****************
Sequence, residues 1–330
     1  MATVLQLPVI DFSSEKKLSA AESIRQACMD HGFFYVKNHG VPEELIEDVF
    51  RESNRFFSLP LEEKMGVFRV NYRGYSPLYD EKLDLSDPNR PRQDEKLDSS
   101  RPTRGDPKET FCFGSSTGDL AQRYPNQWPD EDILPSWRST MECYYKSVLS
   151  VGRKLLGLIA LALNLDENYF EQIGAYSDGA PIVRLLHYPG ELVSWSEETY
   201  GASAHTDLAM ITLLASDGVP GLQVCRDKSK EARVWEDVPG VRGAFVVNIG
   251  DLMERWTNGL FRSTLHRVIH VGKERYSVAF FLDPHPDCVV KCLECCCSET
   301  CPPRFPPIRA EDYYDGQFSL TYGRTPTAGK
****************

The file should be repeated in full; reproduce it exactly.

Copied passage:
Sequence, residues 1–330
     1  MATVLQLPVI DFSSEKKLSA AESIRQACMD HGFFYVKNHG VPEELIEDVF
    51  RESNRFFSLP LEEKMGVFRV NYRGYSPLYD EKLDLSDPNR PRQDEKLDSS
   101  RPTRGDPKET FCFGSSTGDL AQRYPNQWPD EDILPSWRST MECYYKSVLS
   151  VGRKLLGLIA LALNLDENYF EQIGAYSDGA PIVRLLHYPG ELVSWSEETY
   201  GASAHTDLAM ITLLASDGVP GLQVCRDKSK EARVWEDVPG VRGAFVVNIG
   251  DLMERWTNGL FRSTLHRVIH VGKERYSVAF FLDPHPDCVV KCLECCCSET
   301  CPPRFPPIRA EDYYDGQFSL TYGRTPTAGK